Germany’s anti-Islam Pegida movement was in disarray Thursday after its public face, Lutz Bachmann, resigned over a selfie in which he posed in an Adolf Hitler moustache and hairstyle. Pegida, which denies that it opposes Islam or refugees per se, has staged weekly rallies since October against alleged “Islamization.” On Wednesday, the movement’s first big rally outside its home city of Dresden, in Leipzig, was followed by brawling.
The Dresden founders of Pegida dissociated themselves from the Leipzig rally’s organizers, saying they differed over ideology. Bachmann, 41, stepped down after prosecutors confirmed to media that he was under investigation for hate speech, not in connection with the Hitler image, but over alleged Facebook postings in which he described asylum seekers as “livestock,” “rags” and “gang of turds.”
His Facebook page has been deleted, but a former acquaintance provided the media with alleged screenshots of the postings from September, just before Pegida took off in Dresden. Bachmann said the image of himself in a barber’s shop with a toothbrush moustache and Hitler-style cowlick had been a joke.
Pegida spokeswoman and co-founder Kathrin Oertel rejected Bachmann’s comments in the “harshest” possible terms. She said his past outbursts “would not contribute to building trust” in the movement’s goals and participants.
Oertel said Pegida might also take legal action against the right-wing Leipzig offshoot to stop it using the Pegida name.
Pegida, an acronym from the group’s German name, which translates as Patriotic Europeans Against the Islamization of the West, has laid out a 19-point plan including more selective immigration policies and steps to bar religious fanatics from entering Germany.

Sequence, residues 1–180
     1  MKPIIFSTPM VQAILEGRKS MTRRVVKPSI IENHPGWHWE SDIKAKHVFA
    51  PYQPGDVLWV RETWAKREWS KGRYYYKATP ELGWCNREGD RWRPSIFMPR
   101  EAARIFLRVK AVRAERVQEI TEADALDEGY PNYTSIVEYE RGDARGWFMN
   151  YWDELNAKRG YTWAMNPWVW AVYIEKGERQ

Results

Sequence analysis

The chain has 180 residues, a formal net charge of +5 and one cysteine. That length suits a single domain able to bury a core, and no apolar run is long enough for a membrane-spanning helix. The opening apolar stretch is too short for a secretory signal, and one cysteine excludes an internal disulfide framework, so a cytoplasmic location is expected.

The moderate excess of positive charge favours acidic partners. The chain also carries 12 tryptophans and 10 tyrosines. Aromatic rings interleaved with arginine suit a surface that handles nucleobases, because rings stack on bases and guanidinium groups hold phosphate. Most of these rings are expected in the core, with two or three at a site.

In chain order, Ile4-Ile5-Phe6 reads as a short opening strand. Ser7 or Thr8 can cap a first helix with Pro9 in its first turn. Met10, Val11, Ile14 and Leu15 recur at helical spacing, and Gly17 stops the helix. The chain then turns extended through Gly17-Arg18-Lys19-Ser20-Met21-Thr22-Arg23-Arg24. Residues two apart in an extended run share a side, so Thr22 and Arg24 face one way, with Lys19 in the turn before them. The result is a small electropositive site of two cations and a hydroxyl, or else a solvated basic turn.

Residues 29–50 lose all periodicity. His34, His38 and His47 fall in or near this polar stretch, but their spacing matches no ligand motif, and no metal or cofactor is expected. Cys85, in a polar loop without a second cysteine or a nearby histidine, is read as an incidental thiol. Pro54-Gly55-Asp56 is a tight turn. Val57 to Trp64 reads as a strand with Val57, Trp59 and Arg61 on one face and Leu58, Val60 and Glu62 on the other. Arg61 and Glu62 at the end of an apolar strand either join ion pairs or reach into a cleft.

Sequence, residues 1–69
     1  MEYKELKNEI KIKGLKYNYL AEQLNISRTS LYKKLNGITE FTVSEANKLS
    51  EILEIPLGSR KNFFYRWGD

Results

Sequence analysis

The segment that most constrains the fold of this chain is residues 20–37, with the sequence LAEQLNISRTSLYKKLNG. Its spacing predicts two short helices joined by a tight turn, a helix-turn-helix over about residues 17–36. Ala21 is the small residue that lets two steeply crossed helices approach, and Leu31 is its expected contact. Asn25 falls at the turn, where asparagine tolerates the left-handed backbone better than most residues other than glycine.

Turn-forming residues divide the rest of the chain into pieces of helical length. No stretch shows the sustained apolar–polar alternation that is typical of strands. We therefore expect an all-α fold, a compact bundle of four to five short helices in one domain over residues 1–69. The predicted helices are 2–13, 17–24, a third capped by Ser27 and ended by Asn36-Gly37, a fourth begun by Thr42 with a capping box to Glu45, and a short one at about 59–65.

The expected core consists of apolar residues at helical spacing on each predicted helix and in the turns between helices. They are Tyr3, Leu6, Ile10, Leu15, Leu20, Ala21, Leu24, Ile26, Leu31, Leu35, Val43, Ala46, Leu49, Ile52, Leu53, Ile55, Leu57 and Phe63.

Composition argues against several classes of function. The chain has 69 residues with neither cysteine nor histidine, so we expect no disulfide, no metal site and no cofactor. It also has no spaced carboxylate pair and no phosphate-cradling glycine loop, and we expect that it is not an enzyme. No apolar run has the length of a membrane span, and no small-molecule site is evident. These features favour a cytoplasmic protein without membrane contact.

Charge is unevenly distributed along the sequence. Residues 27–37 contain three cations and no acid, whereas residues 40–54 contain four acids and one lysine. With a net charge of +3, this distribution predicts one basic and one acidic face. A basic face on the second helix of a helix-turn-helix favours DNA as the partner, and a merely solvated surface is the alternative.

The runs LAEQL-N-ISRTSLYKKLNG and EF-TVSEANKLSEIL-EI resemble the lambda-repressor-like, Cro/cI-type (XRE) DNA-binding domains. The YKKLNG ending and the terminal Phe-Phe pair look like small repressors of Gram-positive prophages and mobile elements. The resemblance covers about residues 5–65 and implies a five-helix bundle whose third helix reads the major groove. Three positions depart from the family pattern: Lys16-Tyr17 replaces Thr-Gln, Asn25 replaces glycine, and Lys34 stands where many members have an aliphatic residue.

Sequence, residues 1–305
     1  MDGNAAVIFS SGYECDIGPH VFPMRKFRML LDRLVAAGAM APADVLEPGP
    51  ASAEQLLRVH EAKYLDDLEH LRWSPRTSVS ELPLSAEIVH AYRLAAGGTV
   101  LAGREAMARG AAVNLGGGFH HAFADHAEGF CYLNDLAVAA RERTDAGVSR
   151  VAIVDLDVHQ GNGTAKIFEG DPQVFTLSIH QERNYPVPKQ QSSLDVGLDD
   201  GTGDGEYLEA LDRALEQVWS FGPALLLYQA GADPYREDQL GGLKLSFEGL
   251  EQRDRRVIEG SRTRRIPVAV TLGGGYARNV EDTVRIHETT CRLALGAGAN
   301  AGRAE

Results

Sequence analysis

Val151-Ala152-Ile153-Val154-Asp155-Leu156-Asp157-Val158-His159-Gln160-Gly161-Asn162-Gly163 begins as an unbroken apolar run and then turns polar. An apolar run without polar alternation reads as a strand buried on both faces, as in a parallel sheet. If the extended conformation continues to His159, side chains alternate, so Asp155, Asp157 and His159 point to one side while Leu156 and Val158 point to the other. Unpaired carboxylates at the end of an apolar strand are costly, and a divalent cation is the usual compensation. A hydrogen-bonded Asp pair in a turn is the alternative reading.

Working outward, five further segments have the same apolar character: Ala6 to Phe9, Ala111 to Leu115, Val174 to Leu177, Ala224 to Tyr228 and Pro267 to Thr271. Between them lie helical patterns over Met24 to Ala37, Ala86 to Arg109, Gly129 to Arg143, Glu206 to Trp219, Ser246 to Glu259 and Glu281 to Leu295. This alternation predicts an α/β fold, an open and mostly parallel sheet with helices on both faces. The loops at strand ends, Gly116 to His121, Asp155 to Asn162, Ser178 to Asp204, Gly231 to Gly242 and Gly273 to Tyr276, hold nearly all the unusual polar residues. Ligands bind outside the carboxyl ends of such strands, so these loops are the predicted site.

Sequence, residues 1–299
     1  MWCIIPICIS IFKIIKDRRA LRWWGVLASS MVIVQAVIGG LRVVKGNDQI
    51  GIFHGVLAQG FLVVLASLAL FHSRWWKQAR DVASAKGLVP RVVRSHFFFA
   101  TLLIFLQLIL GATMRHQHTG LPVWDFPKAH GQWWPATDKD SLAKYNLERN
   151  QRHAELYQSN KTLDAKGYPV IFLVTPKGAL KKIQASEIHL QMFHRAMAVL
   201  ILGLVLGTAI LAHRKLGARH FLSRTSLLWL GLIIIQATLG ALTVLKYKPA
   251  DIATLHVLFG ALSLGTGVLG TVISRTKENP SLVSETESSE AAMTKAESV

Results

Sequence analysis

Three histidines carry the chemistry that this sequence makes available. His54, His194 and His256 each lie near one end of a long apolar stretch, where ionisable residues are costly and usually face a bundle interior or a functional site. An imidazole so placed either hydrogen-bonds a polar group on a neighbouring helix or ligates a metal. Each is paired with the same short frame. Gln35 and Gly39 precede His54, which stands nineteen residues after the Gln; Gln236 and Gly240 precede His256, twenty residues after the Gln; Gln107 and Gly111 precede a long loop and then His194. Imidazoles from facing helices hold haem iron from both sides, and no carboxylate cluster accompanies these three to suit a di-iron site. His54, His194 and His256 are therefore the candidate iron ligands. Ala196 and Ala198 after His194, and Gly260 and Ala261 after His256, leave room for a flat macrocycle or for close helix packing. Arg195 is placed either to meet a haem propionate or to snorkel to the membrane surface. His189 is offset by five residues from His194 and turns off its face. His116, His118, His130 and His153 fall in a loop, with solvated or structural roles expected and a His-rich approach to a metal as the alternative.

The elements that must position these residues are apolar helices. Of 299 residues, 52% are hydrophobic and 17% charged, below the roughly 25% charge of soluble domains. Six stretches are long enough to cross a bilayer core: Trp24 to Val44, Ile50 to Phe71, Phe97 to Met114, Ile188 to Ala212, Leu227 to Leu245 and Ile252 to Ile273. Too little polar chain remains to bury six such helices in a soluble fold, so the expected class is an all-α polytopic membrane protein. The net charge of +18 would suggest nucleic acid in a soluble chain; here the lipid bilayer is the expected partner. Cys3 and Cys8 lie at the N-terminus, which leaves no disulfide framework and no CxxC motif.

She said the Leipzig group refuses to sign up to the plan, which also states Pegida supports taking in refugees from wars and supports those Muslims in Germany who are integrating.
Police admitted Thursday they briefly lost control of crowds after 15,000 Leipzig Pegida demonstrators had marched on main streets while 20,000 anti-Pegida protesters yelled from the sidelines. The fighting broke out later when protesters mixed at the main station while leaving by train. Police said they made three arrests.
“We got into problems afterwards keeping the two camps apart,” said a spokesman.
Parts of the city railway and tramway systems were knocked out when signal gear was deliberately set on fire. Bottles and fireworks were thrown at officers. A car and several garbage skips were set on fire.
The police did not say who was suspected, but radical German leftists have regularly argued that attacks on police and public transport are justified to make cities into no-go zones for rightist marchers. Leipzig Mayor Burkhard Jung said many of the demonstrators for Pegida had been football hooligans and neo-Nazis bent on violence.
“This has unmasked Legida,” he said, referring to the local offshoot of Pegida.
A city newspaper, Leipziger Volkszeitung, and a broadcaster, MDR, said some of their reporters were spat on and hit by supporters of the Leipzig Pegida. Pegida leaders in Dresden insist the movement is not xenophobic.
“We don’t want a revolution,” Oertel said. “We want a different relationship between political leaders and the people.”
She said Pegida had raised issues that were “very difficult to speak about in Germany.” SAPA